LumberJocks Woodworking Forum banner
  • Please post in our Community Feedback thread for help with the new forum software! If you are having trouble logging in, please Contact Us for assistance.
1 - 19 of 19 Posts

·
Registered
Joined
·
3,659 Posts
Discussion Starter · #1 ·
step up to the stand

I wasn't totally happy with the former workbench, turned lathe stand. So, when we moved, I re-purposed that to be the outfeed table for my table saw, and set about planning a new one for my mini lathe.

I had a couple plans that I'd almost made - but would have had to buy or salvage the right pieces. One was a great, and HEAVY, made with plywood and filled with sand. Twice, I almost started that one… but the idea of something lighter with properly splayed legs appealed more. We will be moving again afterall. Moving the shopsmith is killer enough. Lets not make a 300# lathe stand too! So plans were sketched out and brought to about 90%.... but the question I was most curious to entertain, was what could I make with what I had on hand? Something nice, and functional, that didn't look like I was just making do?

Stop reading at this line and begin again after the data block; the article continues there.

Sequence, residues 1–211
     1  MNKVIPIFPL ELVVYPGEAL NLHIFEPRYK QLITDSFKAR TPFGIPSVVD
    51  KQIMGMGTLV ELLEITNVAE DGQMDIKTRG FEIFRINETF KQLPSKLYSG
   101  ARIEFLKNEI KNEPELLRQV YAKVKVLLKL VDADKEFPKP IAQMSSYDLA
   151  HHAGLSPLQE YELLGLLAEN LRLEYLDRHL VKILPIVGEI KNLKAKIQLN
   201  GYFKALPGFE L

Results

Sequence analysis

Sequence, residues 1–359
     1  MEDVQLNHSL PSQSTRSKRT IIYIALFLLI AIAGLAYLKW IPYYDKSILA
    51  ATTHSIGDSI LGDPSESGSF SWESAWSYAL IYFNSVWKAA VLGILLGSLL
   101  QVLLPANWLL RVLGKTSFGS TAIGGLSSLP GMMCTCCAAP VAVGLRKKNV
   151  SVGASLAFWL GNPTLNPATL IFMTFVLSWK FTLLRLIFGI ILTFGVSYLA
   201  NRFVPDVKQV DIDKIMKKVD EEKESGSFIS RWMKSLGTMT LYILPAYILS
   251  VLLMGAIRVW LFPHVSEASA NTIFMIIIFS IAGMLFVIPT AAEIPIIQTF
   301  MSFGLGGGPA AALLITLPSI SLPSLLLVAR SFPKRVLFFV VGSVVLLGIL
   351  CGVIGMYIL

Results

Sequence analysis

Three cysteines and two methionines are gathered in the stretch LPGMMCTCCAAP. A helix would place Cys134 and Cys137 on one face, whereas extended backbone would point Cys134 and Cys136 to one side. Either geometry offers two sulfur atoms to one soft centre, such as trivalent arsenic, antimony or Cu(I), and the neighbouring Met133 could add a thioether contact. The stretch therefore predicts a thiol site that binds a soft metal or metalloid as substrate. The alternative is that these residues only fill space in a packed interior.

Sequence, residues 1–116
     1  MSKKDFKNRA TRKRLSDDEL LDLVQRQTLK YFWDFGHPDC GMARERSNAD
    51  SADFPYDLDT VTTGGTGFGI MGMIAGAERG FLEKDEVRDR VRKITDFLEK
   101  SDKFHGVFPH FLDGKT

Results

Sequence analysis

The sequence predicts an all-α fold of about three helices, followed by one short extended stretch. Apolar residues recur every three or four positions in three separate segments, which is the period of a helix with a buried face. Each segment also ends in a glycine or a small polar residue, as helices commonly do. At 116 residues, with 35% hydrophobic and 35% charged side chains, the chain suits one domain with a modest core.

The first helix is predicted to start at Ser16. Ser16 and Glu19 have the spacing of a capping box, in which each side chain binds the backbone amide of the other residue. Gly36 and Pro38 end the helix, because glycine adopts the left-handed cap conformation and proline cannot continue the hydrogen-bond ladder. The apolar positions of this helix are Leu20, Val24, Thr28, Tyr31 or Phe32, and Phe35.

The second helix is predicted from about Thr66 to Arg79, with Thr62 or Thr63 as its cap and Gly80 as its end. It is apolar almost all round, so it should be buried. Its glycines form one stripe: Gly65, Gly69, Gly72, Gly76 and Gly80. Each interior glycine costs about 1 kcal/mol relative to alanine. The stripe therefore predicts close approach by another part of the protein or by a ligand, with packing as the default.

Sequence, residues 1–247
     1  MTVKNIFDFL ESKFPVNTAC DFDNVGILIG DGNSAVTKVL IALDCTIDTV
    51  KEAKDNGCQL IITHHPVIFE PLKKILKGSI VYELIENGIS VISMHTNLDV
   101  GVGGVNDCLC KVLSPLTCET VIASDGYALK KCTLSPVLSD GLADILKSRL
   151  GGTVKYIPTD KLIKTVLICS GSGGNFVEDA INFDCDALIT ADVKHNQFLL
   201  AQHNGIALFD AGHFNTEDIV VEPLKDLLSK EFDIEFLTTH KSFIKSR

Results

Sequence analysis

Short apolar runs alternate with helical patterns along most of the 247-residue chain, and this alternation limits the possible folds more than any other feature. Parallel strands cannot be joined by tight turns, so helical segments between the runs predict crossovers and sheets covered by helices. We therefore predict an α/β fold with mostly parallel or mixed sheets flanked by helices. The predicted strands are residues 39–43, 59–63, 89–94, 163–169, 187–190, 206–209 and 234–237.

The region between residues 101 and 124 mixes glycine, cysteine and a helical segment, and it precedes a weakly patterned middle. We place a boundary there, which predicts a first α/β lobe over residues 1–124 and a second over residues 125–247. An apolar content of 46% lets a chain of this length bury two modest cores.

In the meantime I'd been using the lathe just sitting on the old folding workmate clamping table. Surprisingly that worked really well. just about the right height, and quite stable - until yesterday when I tried turning an eccentric piece. The lathe finally walked a bit…. So I decided not to keep putting off the "new" lathe stand.

I needed to build a top approx 10" by 20" with roughly 32" from the feet of the lathe to the floor. (To center the quill with my elbow height.) I'd seen many plans with a mere 5 degree angle to the legs being adequate to lower the center of gravity enough to reduce vibration, walking & tipping hazard while keeping the weight down.

I saved some pieces of the old house for this project. Specifically the old basement workshop stairs. One of the stingers and a support post. Circa 1880.

The stringer:




First up, to work out a plan where I could use the old lumber without having to fit in a bit of something else "new" that would stand out like a sore thumb. After trimming off the notched portions for the stairs, I had a 2.25×7" x 75" piece for the legs. Enough for two wide legs if I went with a trestle style leg, or 4 smaller splayed ones.

The post:



The central supporting post to the stairs. Still quite heavy and "fuzzy." Luckily it sanded smooth enough without losing any of the old mill marks. 60" long, and larger than a true 2×4. It also had, a nice long bow to it. No doubt due to 128 years of holding up the stairs.

If I was going to use just lumber from the old house for this stand - Oh the arbitrary "rules" that guide a project - I don't think I'd quite have enough for the top, and stretchers (and/or feet). As I looked around the shop for appropriate materials to also call into service. My little one, while looking for a place to sit and "work". Asked why didn't I use this piece (the one I just set down as a work surface for her) as my table top.